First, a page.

I stumbled upon this site and happened to find it very interesting as well as informative. I couldn’t find a place to submit a new inquiry so I hope it’s ok to leave it here.After reading your Hero Series I think I’ve violated some of the golden rules. Hopefully your advice can help get things back on track.

Well, I’m African American & I was recently introduced to an Igbo man through a mutual friend. Initially we talked on the phone to get acquainted and arrange our first meeting. He wanted to meet that same evening, but I declined and opted for the following day.

So we met the next day, sparks flew and we seemed to click instantly. We talked and developed a really good vibe. So much that we arranged to meet later that evening. This time he invited me to his home. He and his friend had just arrived shortly before I did from playing tennis. When I drove up he welcomed me in and introduced me to his friend. He had some Nigerian food prepared & asked me to join them for dinner. I wasn’t really hungry but I obliged & asked him to give me a very small portion. Over dinner he gushed to his friend over my beauty, I was flattered but slightly embarrassed, but concealed it with pleasant smiles. I joined them in dinner conversation which went over quite well. So after dinner his friend left. Afterwards we watched movies, downloaded music and played online for a bit. He wanted to become FaceBook friends, so I accepted him via my Blackberry and he immediately started to troll my page, wall and photos, while I was sitting there. He then asked me a lot about my family background, etc. After talking about our families & an array of other things we started to make out. One thing lead to another and we had sex, without even knowing the golden rules I was very hesitant & he had to try very hard to convince me to proceed.

Afterwards it wasn’t awkward at all. He practically begged me to stay overnight but I declined, although I didn’t leave immediately, I left about 2am or so. He called me on my drive home and we talked more. The next day he wanted to hang out but I had a lot going on so I had to decline. Now here is where I sense things started to get shaky. The following day we made 10pm reservations for dinner. So we last spoke about 4pm. I hadn’t heard from him all day thereafter, so I texted about 6pm, no answer. Then I called about 8pm, no answer. So I never got dressed for the date. He decided to call at 9:45pm. I didn’t answer. He called perhaps 3 more times. I still didn’t answer. I then responded with a text letting him know that I was extremely disappointed in him and he knew of our plans & failed to respect my time, I also added how much a despised inconsistency. He texted back immediately with sincere apologies and an explanation of a “family emergency”. I accepted his apology but refused to see him that night. So the following day when we finally talked he addressed me by saying how can I marry a man one day then divorce him the next without him giving an explanation to the mistake that was made, then apologized to me again. He made me feel really bad, like I was too hard on him. I apologized to him, if I offended him and we arranged to meet for dinner. We met for dinner that night, he then again brought up the incident. He asked me if I had told my friends that he was an asshole for what happened. I told him no I didn’t mention what happened to anyone. He then said he told his friends that he was surprised by my lashing out at him, because he portrayed me to be such a pleasant woman. I was offended slightly because, I don’t feel that me expressing my disappointment makes me an unpleasant person, but I didn’t debate him. I just said I didn’t mean any harm & I’m sorry etc.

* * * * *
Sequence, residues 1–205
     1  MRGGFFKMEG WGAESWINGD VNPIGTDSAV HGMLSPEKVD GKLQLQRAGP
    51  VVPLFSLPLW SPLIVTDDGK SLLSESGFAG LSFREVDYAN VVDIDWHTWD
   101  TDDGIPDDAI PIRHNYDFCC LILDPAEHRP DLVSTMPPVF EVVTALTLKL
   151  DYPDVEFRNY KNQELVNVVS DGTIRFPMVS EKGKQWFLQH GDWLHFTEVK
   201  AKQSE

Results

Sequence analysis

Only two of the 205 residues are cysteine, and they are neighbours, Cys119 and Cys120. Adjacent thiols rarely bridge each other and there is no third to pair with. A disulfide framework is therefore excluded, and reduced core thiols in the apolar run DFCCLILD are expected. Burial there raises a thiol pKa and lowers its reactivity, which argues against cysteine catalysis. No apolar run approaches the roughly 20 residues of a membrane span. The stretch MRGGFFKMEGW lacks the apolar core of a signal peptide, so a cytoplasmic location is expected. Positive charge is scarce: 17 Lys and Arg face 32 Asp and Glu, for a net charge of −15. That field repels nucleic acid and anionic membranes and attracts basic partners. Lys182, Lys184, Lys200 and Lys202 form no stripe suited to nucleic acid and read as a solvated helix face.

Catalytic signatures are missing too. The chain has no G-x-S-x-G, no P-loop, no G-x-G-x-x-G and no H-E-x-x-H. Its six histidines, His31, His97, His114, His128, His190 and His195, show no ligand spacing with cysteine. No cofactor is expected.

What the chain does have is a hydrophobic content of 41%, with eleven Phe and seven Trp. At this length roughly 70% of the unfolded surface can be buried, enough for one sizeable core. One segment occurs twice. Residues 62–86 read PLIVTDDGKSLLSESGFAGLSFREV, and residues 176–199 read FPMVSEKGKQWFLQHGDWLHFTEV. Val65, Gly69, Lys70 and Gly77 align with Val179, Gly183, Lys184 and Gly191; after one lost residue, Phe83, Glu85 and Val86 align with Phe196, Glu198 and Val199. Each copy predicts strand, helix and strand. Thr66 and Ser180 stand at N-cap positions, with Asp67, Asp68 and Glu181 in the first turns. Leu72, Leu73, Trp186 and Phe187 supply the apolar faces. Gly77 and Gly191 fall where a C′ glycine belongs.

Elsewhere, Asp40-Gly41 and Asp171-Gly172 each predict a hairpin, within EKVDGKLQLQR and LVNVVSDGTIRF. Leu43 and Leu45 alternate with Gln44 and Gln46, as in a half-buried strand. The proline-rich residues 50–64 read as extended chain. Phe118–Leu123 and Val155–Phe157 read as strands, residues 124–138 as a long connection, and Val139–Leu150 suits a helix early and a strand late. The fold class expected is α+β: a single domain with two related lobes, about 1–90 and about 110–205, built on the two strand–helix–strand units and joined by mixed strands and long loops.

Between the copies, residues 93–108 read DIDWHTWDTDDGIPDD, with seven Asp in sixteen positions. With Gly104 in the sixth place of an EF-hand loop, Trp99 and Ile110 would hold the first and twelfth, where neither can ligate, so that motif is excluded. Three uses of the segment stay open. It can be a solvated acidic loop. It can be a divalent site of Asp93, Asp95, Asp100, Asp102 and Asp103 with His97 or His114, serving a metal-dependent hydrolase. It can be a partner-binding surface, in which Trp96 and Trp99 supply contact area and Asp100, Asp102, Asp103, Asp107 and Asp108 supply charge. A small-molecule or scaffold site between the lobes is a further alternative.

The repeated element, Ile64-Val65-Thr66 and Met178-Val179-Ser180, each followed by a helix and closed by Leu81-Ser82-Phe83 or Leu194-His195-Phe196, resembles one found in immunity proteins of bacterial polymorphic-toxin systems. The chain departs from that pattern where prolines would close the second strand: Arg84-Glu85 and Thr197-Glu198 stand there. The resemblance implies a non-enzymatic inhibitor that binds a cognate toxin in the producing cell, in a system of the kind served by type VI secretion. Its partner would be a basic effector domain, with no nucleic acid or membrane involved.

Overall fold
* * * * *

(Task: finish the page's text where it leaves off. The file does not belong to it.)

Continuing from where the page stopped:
So after dinner we went back his place, I stayed for a few hours, but again didn’t stay the entire night, he wanted me to but I declined. This now leads up to Monday (which was yesterday), he didn’t call me nor did I call him. We only exchanged a text regarding some business finance info he asked me to obtain for him. Then another text later in the afternoon saying he hoped my day was pleasant.

My plight is that I’ve noticed a decline in admiration towards me since the incident of me lashing out at him. I’m not sure what my next move should be. I’m really feeling this guy and had expectations of us getting to know each other better. I’m not ready for things to end. Also, he’s very attractive & extremely wealthy so I know he’s a hot commodity among women. I’m a little lost and starting to come down on myself for the assertiveness I’ve displayed. Help.. What should my next move be?


The Hero Series: Part Three

How to say ‘Do you love me’ in Igbo

Number of times searched – 3.

Alternate searches: How to say ‘I will marry you’ in Igbo (2), What is the Igbo translation of ‘I’m missing you’ (1), How to say ‘I feel that you love me’ in Igbo (1), How do you say ‘Thinking of you’ in Igbo (1), What is the igbo for ‘Where are you going’ (1), How do you say ‘Marry me’ in Igbo (1), How to say ‘There is no one like you’ in Igbo (1),  How to say ‘Fine man’ in Igbo (1), How to say ‘I want to see you’ in Igbo (1), How to say ‘There is no problem in Igbo’ (1), How to say ‘I’m tired’ in Igbo (1), How to say ‘It is finished’ in Igbo (1), How do you say ‘I want you’ in Igbo (1), What is ‘You are mine’ in Igbo (1), How to say ‘You don’t care’ in Igbo (1), ‘How to say ‘I am sad’ in Igbo(1) What is the Igbo for ‘Yes I will marry you’ (1), How to say ‘I love you’ in Igbo to your husband (1), How to say ‘I don’t love you’ in Igbo (1), How to say ‘I’m a doctor’ in igbo (1).